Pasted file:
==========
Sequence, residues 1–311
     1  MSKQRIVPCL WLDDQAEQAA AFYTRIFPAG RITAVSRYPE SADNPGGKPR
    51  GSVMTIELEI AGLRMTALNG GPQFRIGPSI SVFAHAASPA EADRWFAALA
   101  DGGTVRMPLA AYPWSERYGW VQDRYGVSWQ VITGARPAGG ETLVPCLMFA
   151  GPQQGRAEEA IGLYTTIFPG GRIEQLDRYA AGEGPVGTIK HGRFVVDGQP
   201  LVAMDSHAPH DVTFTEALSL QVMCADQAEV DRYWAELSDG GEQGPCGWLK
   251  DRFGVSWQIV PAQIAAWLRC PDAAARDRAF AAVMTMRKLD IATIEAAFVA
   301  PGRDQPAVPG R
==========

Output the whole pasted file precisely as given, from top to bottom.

Sequence, residues 1–311
     1  MSKQRIVPCL WLDDQAEQAA AFYTRIFPAG RITAVSRYPE SADNPGGKPR
    51  GSVMTIELEI AGLRMTALNG GPQFRIGPSI SVFAHAASPA EADRWFAALA
   101  DGGTVRMPLA AYPWSERYGW VQDRYGVSWQ VITGARPAGG ETLVPCLMFA
   151  GPQQGRAEEA IGLYTTIFPG GRIEQLDRYA AGEGPVGTIK HGRFVVDGQP
   201  LVAMDSHAPH DVTFTEALSL QVMCADQAEV DRYWAELSDG GEQGPCGWLK
   251  DRFGVSWQIV PAQIAAWLRC PDAAARDRAF AAVMTMRKLD IATIEAAFVA
   301  PGRDQPAVPG R